Jozef Imrich, name worthy of Kafka, has his finger on the pulse of any irony of interest and shares his findings to keep you in-the-know with the savviest trend setters and infomaniacs.
''I want to stay as close to the edge as I can without going over. Out on the edge you see all kinds of things you can't see from the center.''
The ideal of super-smart people using those super smarts to create disruption for the betterment of all, or as Steve Jobs once put it, engineers working, quote, “to solve most of humankind’s problems.” He said that more than 20 years ago. There’s been a lot of history since then. There’s been a lot of money made, too, but also there’s been the emergence of certain kinds of problems that are only possible because of technology. – Wired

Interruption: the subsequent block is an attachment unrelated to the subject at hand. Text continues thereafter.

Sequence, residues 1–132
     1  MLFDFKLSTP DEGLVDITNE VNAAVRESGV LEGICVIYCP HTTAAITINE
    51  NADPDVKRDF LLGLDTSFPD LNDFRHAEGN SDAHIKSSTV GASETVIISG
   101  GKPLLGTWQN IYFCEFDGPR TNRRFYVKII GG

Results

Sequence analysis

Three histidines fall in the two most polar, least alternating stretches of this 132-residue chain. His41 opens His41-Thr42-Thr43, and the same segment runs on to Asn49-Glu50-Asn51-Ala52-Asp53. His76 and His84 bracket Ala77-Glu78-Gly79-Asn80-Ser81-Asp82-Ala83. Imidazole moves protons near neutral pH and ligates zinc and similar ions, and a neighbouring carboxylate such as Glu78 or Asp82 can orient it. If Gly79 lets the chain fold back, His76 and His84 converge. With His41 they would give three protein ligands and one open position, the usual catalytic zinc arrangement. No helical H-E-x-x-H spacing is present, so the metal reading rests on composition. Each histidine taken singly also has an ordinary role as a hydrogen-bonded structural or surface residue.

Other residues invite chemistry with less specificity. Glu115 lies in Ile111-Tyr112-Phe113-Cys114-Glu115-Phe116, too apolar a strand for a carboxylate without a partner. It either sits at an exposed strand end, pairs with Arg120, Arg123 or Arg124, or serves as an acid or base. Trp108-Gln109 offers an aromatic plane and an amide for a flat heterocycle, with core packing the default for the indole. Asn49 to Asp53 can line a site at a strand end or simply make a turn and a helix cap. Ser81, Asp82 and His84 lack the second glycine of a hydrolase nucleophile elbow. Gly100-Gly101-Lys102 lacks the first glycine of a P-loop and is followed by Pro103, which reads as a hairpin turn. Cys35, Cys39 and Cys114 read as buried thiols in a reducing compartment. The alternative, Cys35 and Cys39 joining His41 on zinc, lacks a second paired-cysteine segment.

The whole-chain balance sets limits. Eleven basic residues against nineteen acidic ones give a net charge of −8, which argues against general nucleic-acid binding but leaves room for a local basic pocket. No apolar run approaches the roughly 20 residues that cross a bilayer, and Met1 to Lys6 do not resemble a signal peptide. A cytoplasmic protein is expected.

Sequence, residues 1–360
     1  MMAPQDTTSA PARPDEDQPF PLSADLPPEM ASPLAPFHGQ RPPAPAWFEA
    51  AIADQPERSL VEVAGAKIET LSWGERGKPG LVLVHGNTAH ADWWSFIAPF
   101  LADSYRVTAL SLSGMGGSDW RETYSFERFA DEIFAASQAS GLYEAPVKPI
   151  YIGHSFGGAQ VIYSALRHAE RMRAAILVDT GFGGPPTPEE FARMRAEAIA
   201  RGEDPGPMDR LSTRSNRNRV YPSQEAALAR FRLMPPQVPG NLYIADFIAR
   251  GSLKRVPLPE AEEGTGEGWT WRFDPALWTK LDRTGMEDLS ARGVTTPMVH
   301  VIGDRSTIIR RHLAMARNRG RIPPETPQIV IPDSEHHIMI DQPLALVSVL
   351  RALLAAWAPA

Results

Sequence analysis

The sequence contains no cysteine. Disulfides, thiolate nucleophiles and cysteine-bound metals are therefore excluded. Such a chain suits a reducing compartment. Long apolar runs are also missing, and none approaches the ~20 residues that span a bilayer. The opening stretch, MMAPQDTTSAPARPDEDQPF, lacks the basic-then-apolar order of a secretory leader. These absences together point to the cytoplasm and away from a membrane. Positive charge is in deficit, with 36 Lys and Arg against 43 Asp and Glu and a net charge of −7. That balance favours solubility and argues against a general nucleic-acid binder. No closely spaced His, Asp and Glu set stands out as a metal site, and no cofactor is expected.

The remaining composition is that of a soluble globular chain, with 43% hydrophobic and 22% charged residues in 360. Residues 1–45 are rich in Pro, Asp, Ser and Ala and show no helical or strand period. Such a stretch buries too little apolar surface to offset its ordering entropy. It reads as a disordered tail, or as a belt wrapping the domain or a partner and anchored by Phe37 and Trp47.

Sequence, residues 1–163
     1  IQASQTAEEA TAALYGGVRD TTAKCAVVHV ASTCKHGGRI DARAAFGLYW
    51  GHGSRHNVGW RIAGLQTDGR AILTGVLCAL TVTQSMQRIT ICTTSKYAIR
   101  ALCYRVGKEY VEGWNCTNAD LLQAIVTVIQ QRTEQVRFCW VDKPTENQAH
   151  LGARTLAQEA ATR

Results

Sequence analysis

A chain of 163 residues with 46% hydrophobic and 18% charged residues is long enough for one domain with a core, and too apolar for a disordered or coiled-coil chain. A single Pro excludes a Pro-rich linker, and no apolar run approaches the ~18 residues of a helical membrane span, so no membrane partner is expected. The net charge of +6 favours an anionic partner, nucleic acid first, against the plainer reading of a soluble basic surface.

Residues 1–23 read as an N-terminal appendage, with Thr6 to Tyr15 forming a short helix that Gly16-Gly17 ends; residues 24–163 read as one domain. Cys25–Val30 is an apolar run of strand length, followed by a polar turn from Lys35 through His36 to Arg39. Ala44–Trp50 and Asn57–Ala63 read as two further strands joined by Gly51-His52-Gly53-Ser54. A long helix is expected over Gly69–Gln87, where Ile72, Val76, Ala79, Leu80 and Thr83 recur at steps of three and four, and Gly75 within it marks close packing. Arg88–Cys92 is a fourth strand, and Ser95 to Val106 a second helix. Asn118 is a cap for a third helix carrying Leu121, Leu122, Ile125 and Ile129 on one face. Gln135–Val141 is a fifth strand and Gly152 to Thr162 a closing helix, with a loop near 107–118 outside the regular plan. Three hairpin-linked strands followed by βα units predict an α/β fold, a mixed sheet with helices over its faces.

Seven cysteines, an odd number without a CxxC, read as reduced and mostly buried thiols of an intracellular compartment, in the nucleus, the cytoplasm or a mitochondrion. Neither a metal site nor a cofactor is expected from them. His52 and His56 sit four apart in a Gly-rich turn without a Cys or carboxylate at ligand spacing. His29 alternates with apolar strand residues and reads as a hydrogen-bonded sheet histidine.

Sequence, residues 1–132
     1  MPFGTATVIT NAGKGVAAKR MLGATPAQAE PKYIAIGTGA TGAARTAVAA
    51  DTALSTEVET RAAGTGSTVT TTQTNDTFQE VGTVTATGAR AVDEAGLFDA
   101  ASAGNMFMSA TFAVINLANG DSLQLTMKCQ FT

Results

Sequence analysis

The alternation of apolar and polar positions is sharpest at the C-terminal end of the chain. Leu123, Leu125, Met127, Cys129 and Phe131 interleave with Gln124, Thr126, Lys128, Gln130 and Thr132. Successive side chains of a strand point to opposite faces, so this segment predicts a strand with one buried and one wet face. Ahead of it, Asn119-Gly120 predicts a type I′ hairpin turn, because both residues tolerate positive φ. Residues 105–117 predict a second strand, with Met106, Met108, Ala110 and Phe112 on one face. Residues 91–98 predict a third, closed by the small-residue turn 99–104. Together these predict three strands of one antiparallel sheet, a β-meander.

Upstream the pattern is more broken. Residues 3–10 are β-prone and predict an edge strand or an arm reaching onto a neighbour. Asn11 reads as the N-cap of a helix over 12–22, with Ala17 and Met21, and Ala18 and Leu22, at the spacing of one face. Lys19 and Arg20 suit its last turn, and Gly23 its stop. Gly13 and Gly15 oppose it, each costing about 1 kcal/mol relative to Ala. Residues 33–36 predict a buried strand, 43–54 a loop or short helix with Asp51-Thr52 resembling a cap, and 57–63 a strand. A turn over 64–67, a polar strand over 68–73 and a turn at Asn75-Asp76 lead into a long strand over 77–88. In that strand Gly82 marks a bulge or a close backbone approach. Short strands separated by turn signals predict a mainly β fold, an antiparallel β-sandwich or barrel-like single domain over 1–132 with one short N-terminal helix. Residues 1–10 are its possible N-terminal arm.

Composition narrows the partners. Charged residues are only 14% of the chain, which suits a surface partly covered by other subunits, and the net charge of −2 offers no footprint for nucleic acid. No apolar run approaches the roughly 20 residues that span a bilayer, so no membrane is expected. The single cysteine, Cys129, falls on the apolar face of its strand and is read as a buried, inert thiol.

Big Think: “Isaac Asimov was one the world’s most celebrated and prolific science fiction writers, having written or edited more than 500 books over his four-decade career. The Russian-born writer was famous for penning hard science fiction in his books, such as that in I, Robot, Foundation and Nightfall. Naturally, his work contained many predictions about the future of society and technology. Some of those predictions came true, such as our ability to use what he called sight-sound communication to contact anyone on Earth. But others — a machine that can convert yeast, algae and water into foods like “mock-turkey,” for instance — never manifested.